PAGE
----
Henry Disston who moved his business to Tacony and built an empire there in the early 1870’s and brought numerous other businesses to Tacony which became one of the fastest growing sections of Philadelphia. Division 39 helped the Irish immigrants get work in the saw mills, foundries, mills and glass work factories and many of these immigrants families still live in Tacony. Many of these Irish immigrants built and attended St Leo’s Catholic Church which was built in 1884 and still stands at Keystone and Unruh St. Tacony Music Hall, which was placed on the National Register of Historic Places in 1990, was built in 1885 by an Irishman and Hibernian named Frank Jordan.

People stayed in the Tacony section because there was no reason to go anywhere else, everything needed to survive was already there. In the late 1940’s Division 39 opened a clubhouse at 6719 Hegerman St and was used by them until 1956 when they moved to bigger quarters at 7215 Torresdale Ave, known then as “The Avenue” with the 56 Trolley running where you could go anywhere in the city and beyond and the Loop was directly across the street from the club and next to Leonard’s Diner.

During the 50’s and 60’s many more AOH Divisions started in Philadelphia and surrounding areas and Division 39 began to lose members as people moved out to the suburbs and formed divisions where ever they settled.

By the late 1960’s there were less than fifty members in the division and it became harder to maintain the headquarters. The County Board and other divisions met at the 39 Hall but even at that the officers knew they needed to bring in some new, young people so the task began to revitalize a once great division. With the help of a few younger men and their families and friends of the Nahill’s, McGinley’s, Daly’s, Boyles, Fanning’s, O’Connor’s and many more who are still active in the division, Division 39 began to revitalize again and by the early 1980’s Division 39 had over 300 members. By the mid 1990’s they had over 900 members and was the largest Division in the country. Realizing that the premises on Torresdale Ave.  were getting too small they began to look for a new building and in 1995-1996 they acquired, renovated and moved into a new building on March 15th 1996, at our present location at 7229 Tulip St. still in the Tacony section of Philadelphia where today we remain with a membership of approximately 750 members.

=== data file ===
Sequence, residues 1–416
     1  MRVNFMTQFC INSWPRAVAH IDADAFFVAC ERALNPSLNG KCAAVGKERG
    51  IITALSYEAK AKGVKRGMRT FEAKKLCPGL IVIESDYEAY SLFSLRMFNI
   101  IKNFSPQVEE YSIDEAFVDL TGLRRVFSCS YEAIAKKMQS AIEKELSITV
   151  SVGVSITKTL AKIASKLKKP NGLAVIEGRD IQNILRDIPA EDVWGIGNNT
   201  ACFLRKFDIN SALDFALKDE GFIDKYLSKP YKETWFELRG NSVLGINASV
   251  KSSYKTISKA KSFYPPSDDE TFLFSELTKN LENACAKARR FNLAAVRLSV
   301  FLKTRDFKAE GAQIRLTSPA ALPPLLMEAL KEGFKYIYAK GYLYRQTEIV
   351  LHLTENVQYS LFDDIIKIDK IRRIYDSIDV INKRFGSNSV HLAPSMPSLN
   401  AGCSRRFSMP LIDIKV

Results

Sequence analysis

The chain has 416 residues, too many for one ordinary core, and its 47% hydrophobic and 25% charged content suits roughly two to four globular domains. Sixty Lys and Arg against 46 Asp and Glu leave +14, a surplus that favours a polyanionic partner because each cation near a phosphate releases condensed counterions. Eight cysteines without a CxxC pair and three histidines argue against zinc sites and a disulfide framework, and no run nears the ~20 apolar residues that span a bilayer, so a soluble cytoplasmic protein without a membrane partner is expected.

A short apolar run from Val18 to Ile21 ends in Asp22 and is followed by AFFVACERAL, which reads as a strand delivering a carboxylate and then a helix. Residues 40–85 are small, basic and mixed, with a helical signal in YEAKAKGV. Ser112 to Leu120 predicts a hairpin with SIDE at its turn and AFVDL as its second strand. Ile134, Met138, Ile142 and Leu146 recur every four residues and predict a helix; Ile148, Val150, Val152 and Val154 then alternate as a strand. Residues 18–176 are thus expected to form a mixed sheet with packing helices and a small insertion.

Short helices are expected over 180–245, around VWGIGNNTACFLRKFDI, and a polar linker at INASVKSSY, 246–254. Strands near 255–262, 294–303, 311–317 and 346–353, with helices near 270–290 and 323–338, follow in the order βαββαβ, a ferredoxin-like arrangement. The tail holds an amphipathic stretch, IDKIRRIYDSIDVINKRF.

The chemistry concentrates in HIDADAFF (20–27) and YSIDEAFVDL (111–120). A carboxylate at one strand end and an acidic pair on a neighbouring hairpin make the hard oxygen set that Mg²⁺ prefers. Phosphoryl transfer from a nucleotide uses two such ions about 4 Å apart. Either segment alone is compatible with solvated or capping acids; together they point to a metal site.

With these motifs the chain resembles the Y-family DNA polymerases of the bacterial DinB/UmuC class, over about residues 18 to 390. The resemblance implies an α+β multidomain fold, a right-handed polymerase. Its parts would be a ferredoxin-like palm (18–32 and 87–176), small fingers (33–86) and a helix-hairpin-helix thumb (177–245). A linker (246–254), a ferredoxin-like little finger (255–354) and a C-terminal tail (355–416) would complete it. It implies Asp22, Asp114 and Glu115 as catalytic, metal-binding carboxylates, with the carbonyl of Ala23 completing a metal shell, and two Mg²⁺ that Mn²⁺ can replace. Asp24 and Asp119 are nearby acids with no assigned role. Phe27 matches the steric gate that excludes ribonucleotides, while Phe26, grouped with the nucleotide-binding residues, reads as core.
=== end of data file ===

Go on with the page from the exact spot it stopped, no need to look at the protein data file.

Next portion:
Some of the annual functions at the division which have been in place for many years are the division Communion Breakfast, Veterans Day Mass and social where all vets are welcome and have dinner and refreshments. Children’s Christmas Party, Mass before the St Patrick’s Day parade and post parade party, awarding of Scholarships based on a written essay, 3 scholarship awards on Thanksgiving Day to Father Judge HS football Players, erection and dismantling of the Christmas Crèche in Downtown Philadelphia, the annual Chili Cook off and membership drive, weekly crab night in season, and fundraisers for people in need. The division also takes part in the Tacony History Day and the Mayfair/Holmesburgh Parades as well as raising funds and a clothing and food drive for our veterans. These are just some of the functions which occur in Division 39.

In the side yard of the property a monument was erected with the names of many of the departed members and officers who were part of making Division 39 the great club that it is today. The motto of Friendship, Unity and Christian Charity can be seen every day in the club as was testified to this past year as thousands of dollars and supplies were collected and brought to New York and New Jersey to help other Hibernians who were devastated by the super storm Sandy, which destroyed parts of the Jersey shore and many of the shore areas of new York. The officers and members of Division 39 are proud of their heritage, religion and charitable works. 2014 will see the 125th anniversary of our Division and a great celebration is already in the planning for May of 2014.